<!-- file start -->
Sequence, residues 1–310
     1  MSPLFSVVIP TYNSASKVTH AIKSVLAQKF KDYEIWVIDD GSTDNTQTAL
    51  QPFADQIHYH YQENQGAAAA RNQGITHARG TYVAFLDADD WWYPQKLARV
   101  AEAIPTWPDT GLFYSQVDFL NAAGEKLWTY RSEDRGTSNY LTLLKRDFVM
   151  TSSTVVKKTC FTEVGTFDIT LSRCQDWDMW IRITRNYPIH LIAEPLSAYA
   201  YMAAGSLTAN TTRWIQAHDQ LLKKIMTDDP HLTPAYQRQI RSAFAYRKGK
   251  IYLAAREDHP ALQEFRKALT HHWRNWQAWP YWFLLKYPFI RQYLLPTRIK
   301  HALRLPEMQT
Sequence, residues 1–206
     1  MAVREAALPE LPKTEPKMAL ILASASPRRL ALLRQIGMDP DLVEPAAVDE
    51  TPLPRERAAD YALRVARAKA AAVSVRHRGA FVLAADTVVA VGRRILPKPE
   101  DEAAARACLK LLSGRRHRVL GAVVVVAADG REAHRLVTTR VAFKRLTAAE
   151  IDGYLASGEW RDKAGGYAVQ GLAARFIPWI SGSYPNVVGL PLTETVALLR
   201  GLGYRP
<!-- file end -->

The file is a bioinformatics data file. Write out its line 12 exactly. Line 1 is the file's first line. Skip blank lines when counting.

   101  DEAAARACLK LLSGRRHRVL GAVVVVAADG REAHRLVTTR VAFKRLTAAE